The annual United States Peace Index ranked New Jersey 28th out of 50 for “peacefulness,” defined in the survey as “absence of violence.” Maine took the top spot. The survey was issued by the Institute for Economics & Peace.

Despite the Garden State’s mediocre ranking, Edison-New Brunswick came in as the second-most peaceful metropolitan area in the nation.

The five indicators used for ranking peacefulness were homicides per capita, number of violent crimes, incarceration rate, number of police employees, and availability of small arms.

“Violent crime in Edison-New Brunswick only accounts for 7.8 percent of the total number of crimes. Newark has 16.7 percent…even though they have almost the exact same number of crime incidents,” said the Institute’s Michelle Breslauer.

Over the last 20 years of available Index data, New Jersey’s peacefulness improved 15 percent. However, between the 2011 and 2012 Indices, peacefulness in the Garden State declined.

Breslauer explained, “New Jersey is slightly less peaceful, and that’s mainly because homicide rates are increasing in New Jersey.”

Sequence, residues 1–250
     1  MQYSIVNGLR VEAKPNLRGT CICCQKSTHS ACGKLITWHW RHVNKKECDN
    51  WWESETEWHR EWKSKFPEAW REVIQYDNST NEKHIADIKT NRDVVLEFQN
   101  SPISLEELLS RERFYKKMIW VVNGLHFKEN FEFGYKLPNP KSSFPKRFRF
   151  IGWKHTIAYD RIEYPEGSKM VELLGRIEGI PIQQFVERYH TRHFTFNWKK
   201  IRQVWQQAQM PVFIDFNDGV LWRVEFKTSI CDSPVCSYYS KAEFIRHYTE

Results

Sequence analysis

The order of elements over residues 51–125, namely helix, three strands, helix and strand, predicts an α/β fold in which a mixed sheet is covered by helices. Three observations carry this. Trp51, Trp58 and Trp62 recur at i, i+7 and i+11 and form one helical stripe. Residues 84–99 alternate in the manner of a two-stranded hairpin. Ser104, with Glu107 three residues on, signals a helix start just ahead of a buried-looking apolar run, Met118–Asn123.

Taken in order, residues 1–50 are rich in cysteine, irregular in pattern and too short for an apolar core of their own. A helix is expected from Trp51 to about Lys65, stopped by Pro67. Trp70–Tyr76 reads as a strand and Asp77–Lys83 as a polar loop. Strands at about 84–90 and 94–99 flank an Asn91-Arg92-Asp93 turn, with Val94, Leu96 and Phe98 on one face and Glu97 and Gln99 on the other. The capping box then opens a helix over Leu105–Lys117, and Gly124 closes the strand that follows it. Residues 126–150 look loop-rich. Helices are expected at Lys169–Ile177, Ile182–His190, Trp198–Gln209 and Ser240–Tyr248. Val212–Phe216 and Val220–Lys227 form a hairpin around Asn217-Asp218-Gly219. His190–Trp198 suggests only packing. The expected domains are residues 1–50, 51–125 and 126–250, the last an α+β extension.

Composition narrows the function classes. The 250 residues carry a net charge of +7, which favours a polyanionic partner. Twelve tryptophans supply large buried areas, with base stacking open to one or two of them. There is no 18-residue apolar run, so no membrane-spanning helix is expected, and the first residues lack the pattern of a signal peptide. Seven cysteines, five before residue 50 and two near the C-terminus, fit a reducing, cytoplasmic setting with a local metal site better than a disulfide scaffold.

Violent crime, however, has dropped in New Jersey.

The Index also looked at the cost of violence – not only the price associated with policing and incarceration, but the economic impact to a region if a productive, tax-paying individual is put behind bars.

Breslauer said if the entire United States could reach the levels of peace registered in Maine, 274 billion dollars would be added to the economy.

If New Jersey were able to increase its peacefulness by just 25 percent, the state would see an added three billion dollars.

“The cost of the violence per taxpayer in New Jersey is 2,885 dollars,” Breslauer noted.

The Index proved an old cliché: crime doesn’t pay. It seems to do the opposite.